Did I pique your interest? If your family is looking for something to do that’s a bit out of the ordinary and not your typical weekend trip to the local playground, take a drive out to Point Molate Park Beach near the Richmond Bridge. There you’ll find a calm bay beach that’s rarely crowded and more often than not full of sea glass and a sunken pirate ship in the distance. Drive a bit further down the road and you’ll find the secluded Point San Pablo Harbor, which is home to old Burning Man art installations that are seriously epic.
Point Molate Beach in Richmond
My kids love searching for sea glass and special rocks, so we’re always on the lookout for new beaches to bolster our sizable collection. We stumbled upon Point Molate Beach Park in Richmond a few years ago when we asked Siri for a nearby beach (Keller Beach is another great option we’ve tried in the past, though there’s not nearly as much sea glass). We bring bins to collect cool rocks and sea glass, or sometimes we bring gloves and make it a trash-pick-up day. Either way, there’s plenty to collect. Oh! And see if your kids can spot the pirate in the distance!
Be aware that some people bring dogs and let them run around off-leash. This is also an off-the-beaten-path type beach, so don’t expect services and well-manicured flora and fauna. Do expect the possibility of ticks in the field above the beach, broken glass and other hazards, and even dead animals on the beach (we’ve encountered a ray, seal, jellyfish, crabs, birds, etc.). For your budding naturalist, this can be rather exciting. Or, for your little kids, it may be upsetting, so keep your eyes out.
Point San Pablo Harbor in Richmond
Fair warning, this is not a sanctioned play area and there are plenty of hazards. The crocodile has some sharp glass teeth and its tiles are pretty slippery for climbing. There’s also a sign that recommends not petting the sheep since they make a habit of eating poison oak. Okay? Okay!
After you’ve collected your fair share of sea glass and pebbles, pack the kids back in the car and drive a few more minutes down Stenmark Drive to Point San Pablo Harbor. You’ll think you’re going the wrong way because there’s a lot of abandoned buildings, cars, and such, but just keep going until you see the sign on the right for Point San Pablo. Drive (slowly) up the hill and follow the winding road over to the other side where you’ll find the Harbor. There’s a small community of people who live there, as well as a BBQ restaurant, tribe of goats, chickens, and a handful of retired Burning Man art installations that’ll blow your kids’ minds. Our favorite is the 40-foot long mosaic crocodile “Niloticus”. You can read more about the art park here >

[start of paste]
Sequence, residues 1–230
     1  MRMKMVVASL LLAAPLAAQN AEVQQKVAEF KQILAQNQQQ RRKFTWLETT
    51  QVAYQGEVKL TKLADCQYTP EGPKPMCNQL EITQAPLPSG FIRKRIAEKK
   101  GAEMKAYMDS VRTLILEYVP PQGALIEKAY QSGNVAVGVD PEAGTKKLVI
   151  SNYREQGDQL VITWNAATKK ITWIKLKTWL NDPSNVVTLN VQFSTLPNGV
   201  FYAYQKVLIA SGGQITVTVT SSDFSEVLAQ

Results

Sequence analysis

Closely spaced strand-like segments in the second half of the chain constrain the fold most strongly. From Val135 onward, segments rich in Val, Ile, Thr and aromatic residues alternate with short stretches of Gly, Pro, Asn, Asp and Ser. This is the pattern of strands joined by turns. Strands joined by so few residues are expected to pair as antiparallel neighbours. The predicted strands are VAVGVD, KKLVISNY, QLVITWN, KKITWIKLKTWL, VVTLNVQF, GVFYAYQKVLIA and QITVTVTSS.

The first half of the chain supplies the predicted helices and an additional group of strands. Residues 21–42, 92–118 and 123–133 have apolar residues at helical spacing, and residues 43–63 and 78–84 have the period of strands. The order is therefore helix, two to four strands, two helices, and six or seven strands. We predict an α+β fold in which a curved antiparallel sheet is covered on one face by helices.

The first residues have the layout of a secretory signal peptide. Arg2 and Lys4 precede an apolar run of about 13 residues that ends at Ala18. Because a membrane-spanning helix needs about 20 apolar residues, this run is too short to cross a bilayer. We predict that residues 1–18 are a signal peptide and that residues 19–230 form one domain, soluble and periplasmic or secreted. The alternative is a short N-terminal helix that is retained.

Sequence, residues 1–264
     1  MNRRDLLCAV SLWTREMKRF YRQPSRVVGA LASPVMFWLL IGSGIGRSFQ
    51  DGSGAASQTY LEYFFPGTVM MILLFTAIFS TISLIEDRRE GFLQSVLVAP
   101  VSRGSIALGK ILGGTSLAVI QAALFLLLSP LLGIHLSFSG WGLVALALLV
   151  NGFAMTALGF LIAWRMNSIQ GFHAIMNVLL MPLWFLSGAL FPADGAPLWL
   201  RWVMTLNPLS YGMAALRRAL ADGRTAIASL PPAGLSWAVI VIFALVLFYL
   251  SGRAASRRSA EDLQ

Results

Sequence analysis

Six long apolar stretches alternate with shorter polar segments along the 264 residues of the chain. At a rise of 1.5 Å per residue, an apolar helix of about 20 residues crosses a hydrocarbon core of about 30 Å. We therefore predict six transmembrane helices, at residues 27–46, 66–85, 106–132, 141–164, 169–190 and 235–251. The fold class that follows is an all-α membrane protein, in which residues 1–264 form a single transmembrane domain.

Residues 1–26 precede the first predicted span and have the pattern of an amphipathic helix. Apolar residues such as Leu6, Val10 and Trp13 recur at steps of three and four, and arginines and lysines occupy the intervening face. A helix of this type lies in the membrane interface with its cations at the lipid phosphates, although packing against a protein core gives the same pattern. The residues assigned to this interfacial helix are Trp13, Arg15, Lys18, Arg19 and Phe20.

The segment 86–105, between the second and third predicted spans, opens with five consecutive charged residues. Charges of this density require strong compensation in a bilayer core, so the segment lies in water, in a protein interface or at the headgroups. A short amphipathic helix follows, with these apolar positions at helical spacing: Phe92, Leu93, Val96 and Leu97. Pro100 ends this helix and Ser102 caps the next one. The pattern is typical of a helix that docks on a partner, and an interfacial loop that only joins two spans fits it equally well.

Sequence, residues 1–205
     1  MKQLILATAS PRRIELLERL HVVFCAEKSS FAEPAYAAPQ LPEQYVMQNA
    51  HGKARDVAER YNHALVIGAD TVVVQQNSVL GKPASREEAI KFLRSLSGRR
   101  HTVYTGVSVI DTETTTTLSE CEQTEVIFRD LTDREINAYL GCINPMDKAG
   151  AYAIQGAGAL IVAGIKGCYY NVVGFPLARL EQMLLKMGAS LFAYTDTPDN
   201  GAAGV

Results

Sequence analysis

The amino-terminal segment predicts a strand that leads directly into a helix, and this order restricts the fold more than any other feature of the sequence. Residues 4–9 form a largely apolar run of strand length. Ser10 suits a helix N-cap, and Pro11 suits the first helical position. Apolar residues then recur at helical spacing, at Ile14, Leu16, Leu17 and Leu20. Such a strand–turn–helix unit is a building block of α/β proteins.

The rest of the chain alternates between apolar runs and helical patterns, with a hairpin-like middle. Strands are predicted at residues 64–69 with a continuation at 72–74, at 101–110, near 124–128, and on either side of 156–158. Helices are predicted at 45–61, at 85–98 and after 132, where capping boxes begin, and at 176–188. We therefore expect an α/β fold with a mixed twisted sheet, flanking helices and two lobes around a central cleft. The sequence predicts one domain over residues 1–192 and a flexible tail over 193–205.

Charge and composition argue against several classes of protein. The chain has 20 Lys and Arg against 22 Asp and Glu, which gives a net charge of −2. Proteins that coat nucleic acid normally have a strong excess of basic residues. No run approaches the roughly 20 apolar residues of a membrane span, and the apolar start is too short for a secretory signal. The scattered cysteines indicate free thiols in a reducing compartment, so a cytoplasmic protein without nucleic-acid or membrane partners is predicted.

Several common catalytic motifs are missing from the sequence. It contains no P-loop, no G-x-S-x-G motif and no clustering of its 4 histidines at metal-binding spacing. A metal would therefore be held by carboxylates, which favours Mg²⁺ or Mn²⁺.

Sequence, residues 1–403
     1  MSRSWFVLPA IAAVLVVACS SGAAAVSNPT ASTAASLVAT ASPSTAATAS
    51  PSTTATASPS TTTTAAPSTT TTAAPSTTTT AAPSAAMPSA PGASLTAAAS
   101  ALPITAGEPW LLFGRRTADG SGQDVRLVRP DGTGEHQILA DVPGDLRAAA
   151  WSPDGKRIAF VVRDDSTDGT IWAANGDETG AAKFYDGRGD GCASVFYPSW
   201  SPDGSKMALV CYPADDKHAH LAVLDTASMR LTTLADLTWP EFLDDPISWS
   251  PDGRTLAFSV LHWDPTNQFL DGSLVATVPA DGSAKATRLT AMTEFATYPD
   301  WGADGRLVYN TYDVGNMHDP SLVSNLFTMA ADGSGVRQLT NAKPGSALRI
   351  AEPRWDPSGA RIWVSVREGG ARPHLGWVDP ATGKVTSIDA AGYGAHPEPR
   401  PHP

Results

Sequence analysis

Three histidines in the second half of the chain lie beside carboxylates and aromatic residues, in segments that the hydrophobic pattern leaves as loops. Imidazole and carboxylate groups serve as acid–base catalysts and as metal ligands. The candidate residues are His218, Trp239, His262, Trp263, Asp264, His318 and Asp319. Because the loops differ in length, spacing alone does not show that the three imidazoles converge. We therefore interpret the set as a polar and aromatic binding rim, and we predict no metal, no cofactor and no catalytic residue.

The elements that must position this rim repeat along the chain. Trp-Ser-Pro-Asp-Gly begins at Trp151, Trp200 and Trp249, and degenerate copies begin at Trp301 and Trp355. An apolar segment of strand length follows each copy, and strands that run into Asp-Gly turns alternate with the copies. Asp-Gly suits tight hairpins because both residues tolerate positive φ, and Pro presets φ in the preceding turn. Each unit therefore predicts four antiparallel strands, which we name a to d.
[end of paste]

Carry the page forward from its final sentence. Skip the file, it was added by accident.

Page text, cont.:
Daytime at the Harbor feels a bit Mad Max, but in a cool steampunk kinda way. Nighttime sounds like a real trip, with live music shows, lit-up art installations, and amazing food. If your kiddos can stay up late and are adventurous eaters, you may want to check out the evening’s attractions Thursday – Sunday. Otherwise, bring a lunch or grab some BBQ and spend an afternoon surrounded by the epic art installations and the wild Bay landscape. At the very least, your Instagram will be fire.
Getting to Point Molate and Point San Pablo Harbor in Richmond
Point Molate is about a 20+ minute drive from Berkeley by way of 580. Just take the last exit before the Richmond Bridge toll plaza (Stenmark Drive). Just drive straight for a few minutes along Stenmark Drive until you reach the entrance to Point Molate on the left. When you arrive, there’s ample free parking and a rather run-down grilling area with tables. This upper part of the park is nothing to write home about, but when you stroll south down the trail from the parking lot you’ll find a stunning view of the Richmond Bridge and the rolling hills of Marin County.
As mentioned above, to get to Point San Pablo Harbor, just keep driving along Stenmark Drive, up and over the hill to the parking lot. It’s a bit of a desolate drive but fits with the overall hidden, out-of-the-way vibe of the area. Fun and exciting for imaginative kids.
Plan your visit to Point Molate and Point San Pablo Harbor
Check the tides before you go. Low tide brings more room on the beach to hunt for treasures, but it can be a bit stinky and seaweedy. High tide brings a much smaller beach. We usually try to come a few hours after low tide for a happy medium. Parking is ample and free. Just make sure to bring valuables with you. There are many ways down to the beach, though the easiest is left of the parking lot through the trees. Swimming isn’t encouraged, though we’ve seen some people wading on hot August days, as well as paddle boarding and kayaking. There are no lifeguards. Check out the website for any updates.
What to bring:
- A pail for collecting sea glass or other treasures
- Shovels and sand toys if that’s more your speed
- Layers since it can be windy
- Change of clothes for little ones
- A towel and baby powder to dust off sandy feet
- There’re port-o-potties at both Point Molate and the Harbor, though we didn’t test them out. Hand wipes are always a good idea
Interested in more East Bay Beaches? Check out our guide to the Best Bay Area Beaches
[All photos by Julie Herson at Point Molate Park Beach and Point San Pablo Harbor in Richmond, CA]